Farmers’ responses to warming early in growing seasons can affect yields

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A new study finds that as farmers shift inputs during growing seasons to adapt to climate-driven warming, agricultural production may be affected—even in regions where temperatures are not high enough to directly adversely affect crop growth.


Most of the time, conversations about the impacts of climate change on crop yields focus on the resilience (or lack thereof) of the crops themselves. How does the crop react to warmer air temperatures? How does it react to longer dry seasons, or to heavier rainfalls?

Often missing from these conversations is the critical role that farmers play. Farmers make decisions throughout the growth cycle, adjusting practices and inputs to changing conditions, that can have major impacts on the yield of their crops, and climate can affect these decisions.

Understanding how and how quickly farmers adapt to climate change can help to inform the allocation of scarce public resources to preserve high crop yields. This includes ways in which farmers react to temperature increases, and to increased stresses on crops arising from warmer weather. For example, levels of insect activity are strongly influenced by the ambient air temperature. Similarly, weeds that compete with crops for nutrients, moisture, light and space are also influenced by conditions such as temperature and humidity.

new paper, published in The Economic Journal, examines this relationship between weather and farmer behavior. We looked at survey data from a set of representative farmers in Kenya’s main maize cultivating provinces, combining this with detailed village level data of daily weather variables including temperature, rainfall, humidity, and soil moisture. Average daily temperatures in the villages we studied ranged from 12-29 degrees Celsius, a span over which maize yields typically increase with warming temperatures. Because maize only declines physiologically due to heat stress above 29-30C, any adverse effects on yields could be more cleanly attributed to indirect, biotic stresses arising from the temperature response of pests and pathogens.

We found that as the incidence of pests, crop diseases and weeds increases in response to warmer weather, farmers increase defensive investments on loss-reducing inputs such as pesticides, which diverts resources from productivity-enhancing technologies like fertilizer. Specifically, an extra day above 22C relative to a day below 18C in the initial growth period led to a 12% increase in the intensity of pesticide use in households sampled, and reduced fertilizer application rates per acre by 10%.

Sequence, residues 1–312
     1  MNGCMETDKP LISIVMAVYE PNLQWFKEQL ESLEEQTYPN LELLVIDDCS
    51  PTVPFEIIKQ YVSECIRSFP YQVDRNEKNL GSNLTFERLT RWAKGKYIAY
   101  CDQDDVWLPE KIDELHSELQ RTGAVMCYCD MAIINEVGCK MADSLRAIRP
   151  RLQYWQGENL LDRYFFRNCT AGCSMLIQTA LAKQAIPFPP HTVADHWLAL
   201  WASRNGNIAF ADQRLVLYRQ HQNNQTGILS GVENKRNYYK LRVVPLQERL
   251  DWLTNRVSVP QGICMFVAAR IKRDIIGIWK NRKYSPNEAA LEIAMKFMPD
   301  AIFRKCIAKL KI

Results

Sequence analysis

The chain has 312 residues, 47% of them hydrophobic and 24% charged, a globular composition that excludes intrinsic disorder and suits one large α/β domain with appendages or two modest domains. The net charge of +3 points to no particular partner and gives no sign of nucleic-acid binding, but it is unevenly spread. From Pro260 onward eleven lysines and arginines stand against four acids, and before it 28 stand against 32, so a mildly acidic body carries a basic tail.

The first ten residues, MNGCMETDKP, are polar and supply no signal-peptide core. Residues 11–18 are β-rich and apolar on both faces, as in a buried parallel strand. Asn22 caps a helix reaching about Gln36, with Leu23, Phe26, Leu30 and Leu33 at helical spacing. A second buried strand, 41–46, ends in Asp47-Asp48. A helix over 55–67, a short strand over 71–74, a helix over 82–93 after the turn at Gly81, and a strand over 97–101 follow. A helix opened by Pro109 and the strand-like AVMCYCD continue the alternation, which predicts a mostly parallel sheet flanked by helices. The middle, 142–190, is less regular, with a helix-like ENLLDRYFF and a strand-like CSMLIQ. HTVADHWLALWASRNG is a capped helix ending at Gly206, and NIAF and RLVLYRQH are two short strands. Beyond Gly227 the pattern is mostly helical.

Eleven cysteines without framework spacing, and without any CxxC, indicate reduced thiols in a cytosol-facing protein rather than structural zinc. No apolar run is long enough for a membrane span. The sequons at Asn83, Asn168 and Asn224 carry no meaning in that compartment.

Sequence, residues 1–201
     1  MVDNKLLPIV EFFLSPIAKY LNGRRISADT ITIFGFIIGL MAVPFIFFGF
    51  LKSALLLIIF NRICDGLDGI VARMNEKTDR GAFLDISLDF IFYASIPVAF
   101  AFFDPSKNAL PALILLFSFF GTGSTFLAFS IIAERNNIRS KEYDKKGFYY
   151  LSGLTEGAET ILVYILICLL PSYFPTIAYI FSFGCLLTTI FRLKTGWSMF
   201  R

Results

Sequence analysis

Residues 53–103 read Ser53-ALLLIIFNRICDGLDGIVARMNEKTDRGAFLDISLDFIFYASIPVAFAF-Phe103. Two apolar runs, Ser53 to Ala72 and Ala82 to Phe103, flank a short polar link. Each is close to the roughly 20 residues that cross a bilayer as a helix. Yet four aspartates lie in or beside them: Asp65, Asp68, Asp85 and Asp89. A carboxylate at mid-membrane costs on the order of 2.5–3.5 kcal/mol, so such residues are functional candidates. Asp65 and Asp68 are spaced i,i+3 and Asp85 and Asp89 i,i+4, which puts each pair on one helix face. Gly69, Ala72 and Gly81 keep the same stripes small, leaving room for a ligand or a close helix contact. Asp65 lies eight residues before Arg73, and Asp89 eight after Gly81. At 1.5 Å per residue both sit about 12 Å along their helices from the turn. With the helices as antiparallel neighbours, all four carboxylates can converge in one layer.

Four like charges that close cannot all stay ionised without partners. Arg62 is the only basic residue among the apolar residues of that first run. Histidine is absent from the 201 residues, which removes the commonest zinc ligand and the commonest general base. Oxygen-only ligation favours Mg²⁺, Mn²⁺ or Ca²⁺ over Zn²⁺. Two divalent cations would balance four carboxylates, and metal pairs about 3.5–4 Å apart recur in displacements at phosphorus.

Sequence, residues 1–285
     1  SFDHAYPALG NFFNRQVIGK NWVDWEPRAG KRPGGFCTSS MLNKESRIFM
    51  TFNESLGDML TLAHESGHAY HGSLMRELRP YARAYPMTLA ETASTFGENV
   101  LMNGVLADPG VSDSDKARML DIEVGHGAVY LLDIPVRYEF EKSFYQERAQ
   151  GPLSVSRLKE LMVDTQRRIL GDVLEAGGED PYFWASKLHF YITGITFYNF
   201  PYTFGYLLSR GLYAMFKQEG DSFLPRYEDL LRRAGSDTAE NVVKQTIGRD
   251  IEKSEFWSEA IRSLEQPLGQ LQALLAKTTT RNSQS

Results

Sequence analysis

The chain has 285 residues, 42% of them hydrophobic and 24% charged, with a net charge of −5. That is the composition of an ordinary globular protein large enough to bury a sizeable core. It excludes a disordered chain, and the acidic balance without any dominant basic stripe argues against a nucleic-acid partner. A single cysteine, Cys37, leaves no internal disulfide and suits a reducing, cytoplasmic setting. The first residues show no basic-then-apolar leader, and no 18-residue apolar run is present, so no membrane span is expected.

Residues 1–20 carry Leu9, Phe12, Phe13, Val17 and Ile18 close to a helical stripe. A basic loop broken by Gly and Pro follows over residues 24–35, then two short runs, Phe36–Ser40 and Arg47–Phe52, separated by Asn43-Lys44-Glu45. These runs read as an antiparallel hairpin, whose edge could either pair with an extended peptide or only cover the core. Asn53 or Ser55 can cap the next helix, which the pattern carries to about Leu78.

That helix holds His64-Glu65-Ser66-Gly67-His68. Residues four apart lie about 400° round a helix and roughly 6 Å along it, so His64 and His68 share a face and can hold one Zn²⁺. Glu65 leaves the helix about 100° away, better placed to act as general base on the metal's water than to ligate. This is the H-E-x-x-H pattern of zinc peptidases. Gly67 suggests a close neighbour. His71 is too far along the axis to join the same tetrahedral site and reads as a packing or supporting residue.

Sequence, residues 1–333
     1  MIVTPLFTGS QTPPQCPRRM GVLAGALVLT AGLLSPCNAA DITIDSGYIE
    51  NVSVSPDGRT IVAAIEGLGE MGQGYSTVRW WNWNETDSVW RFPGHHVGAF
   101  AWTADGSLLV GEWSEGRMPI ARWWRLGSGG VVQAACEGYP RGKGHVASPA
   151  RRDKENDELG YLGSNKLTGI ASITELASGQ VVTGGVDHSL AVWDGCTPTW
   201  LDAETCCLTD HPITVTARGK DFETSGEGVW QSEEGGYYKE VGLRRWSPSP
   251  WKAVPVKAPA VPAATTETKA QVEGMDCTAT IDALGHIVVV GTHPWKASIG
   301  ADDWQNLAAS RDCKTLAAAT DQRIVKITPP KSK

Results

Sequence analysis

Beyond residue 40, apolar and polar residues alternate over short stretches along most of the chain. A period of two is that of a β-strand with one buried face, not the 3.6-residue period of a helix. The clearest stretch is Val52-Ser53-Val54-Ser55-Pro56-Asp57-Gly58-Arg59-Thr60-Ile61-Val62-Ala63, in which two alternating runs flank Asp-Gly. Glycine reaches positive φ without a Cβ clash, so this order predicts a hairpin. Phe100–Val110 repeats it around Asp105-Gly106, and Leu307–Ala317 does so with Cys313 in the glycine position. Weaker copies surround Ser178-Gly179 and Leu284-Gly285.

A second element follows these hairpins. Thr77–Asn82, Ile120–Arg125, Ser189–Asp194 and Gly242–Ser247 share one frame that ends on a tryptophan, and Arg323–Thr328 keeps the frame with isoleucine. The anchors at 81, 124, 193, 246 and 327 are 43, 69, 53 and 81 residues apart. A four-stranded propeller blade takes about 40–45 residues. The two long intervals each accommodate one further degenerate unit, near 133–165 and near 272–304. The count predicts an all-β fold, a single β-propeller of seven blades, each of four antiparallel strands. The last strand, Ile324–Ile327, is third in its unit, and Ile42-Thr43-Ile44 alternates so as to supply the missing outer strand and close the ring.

Our findings indicate that, as farmers shift inputs during growing seasons to adapt to climate-driven warming, agricultural production may be affected—even in regions where temperatures are not high enough to directly adversely affect crop growth. This may prove a difficult challenge for low-income agricultural communities, where trade-off decisions between defensive investments (e.g., pesticides) and productivity investments (e.g., fertilizers) must be made.

These findings can help decision-makers approach climate change policies more holistically, by considering both the direct and the indirect consequences of warmer weather on yields. For example, by looking at changes in farmers’ behavior, policy makers could provide smallholders with credit for fertilizer so that they are not forced to sacrifice increased productivity in order to buy additional pesticides and herbicides. Our study also suggests that pesticide and herbicide suppliers should monitor temperatures early in the growing season in order to meet farmers’ demand for these important inputs in a timely manner.


International Food Policy Research Institute (IFPRI)
Yanyan Liu,  Senior Research Fellow with IFPRI’s Markets, Trade, and Institutions Division; Emily Wu, IFPRI Communications Intern
Funding for this research came from the African Development Bank through the Structural Transformation of African Agriculture and Rural Spaces (STAARS) project generously supported by government of the Republic of Korea through the Korea-Africa Economic Cooperation Trust Fund and the IFPRI-led CGIAR Research Program on Policies, Institutions, and Markets (PIM).